AN electoral reform campaign group is calling for proportional representation to replace the first past the post voting system.

Make Votes Matter claims that 34,804 votes cast in Exmouth and Exeter East Constituency will "make no difference" to the General Election outcome.

According to analysis by Make Votes Matter, 70.3% per cent of Exmouth and Exeter East’s votes cast on July 4 are likely to count for nothing — either because they went to a losing candidate or because they were surplus votes for the winner.

Analysing data for each constituency from Electoral Calculus, researchers at Make Votes Matter found that under the First Past the Post voting system, nearly 22 million people could see their votes "wasted" across the UK.

A statement from Make Votes Matter said: "Only 27.4 per cent of an expected 30.3 million votes look set to have any impact on the result, with over half of voters projected to be left with an MP they did not support.

"At the 2019 election, the Electoral Reform Society identified seven seats in which more than 90 per cent of votes were wasted.

"This new analysis suggests that in the upcoming election, that number may increase to 25, with a remarkable 145 seats where more than 80 per cent of votes go to waste.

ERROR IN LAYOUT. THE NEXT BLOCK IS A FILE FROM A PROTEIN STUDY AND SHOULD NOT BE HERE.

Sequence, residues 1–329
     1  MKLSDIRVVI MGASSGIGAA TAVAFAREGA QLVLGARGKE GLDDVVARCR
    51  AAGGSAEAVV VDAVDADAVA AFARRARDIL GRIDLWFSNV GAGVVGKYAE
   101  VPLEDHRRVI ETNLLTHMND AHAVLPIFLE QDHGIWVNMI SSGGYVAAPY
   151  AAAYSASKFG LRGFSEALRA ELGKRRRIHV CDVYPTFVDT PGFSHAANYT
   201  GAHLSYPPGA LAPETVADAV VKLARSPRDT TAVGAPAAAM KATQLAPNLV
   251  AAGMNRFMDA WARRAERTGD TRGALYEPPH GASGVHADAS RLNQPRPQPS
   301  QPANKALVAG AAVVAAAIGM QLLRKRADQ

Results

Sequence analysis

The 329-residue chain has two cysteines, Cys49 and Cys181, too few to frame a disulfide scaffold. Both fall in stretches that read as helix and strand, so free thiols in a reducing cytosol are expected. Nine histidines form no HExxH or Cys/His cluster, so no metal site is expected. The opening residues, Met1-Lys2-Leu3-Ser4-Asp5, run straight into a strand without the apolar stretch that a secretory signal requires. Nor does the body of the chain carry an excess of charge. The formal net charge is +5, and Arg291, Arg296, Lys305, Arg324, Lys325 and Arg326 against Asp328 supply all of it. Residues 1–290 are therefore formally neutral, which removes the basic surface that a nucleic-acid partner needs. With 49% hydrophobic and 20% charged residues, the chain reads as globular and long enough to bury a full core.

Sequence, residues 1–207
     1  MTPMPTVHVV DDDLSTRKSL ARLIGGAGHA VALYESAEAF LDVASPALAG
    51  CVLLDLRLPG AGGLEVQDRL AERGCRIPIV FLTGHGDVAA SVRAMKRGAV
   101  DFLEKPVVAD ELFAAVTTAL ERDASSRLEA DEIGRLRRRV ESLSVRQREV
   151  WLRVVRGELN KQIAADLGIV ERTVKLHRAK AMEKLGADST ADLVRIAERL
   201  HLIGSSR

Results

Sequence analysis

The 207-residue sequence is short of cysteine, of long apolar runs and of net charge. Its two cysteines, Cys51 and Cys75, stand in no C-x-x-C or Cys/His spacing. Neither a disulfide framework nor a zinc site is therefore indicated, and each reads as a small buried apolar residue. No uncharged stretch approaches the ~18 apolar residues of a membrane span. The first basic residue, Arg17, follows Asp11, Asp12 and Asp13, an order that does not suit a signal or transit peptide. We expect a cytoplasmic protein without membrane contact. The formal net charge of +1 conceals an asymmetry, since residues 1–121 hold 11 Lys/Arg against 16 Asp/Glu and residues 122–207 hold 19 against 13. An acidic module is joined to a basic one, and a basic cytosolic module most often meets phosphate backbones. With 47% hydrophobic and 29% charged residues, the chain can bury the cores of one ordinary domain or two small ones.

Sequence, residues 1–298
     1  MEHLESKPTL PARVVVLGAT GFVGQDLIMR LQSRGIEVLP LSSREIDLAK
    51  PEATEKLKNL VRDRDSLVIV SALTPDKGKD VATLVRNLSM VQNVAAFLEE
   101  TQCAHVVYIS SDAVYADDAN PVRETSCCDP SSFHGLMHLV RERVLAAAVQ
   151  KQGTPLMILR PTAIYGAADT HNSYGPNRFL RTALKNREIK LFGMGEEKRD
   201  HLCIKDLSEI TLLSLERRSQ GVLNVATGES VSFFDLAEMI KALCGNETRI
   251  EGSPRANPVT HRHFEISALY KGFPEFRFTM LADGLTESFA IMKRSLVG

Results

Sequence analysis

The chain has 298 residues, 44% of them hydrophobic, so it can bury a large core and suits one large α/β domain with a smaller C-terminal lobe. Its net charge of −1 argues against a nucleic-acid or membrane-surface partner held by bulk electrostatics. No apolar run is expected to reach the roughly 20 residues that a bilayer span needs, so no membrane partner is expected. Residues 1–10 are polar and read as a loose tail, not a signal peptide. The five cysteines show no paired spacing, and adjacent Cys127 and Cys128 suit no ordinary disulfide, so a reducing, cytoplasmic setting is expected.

"The First Past the Post system also means that votes for certain parties effectively count for more than votes for other parties.

"Make Votes Matter’s analysis of the polling data suggests Labour would receive just over 13.5 million votes nationally to elect 485 MPs, meaning on average, it would take around 28,000 votes to elect each Labour MP.

"By contrast, the Green Party are projected to receive over 1.25 million votes but have just two MPs, meaning they would need 628,000 votes per MP.

"Conservative MPs, meanwhile, would each be worth 117,000 votes. Reform UK fared worst of all parties, with the seat level data suggesting they would receive over 2.5 million votes but not a single MP."

A spokesperson for Exmouth and Exeter East’s local Make Votes Matter group, said: “Under First Past the Post, too many voters are left unrepresented. More than half of voters at the next election can expect to end up with an MP they didn’t vote for, while many others will simply end up padding out comfortable majorities in safe seats. That’s not democracy, that’s a distortion of the people’s will.

“Politics is broken. Fixing it starts with a system where Parliament accurately reflects the way the country votes and where every voice is heard.”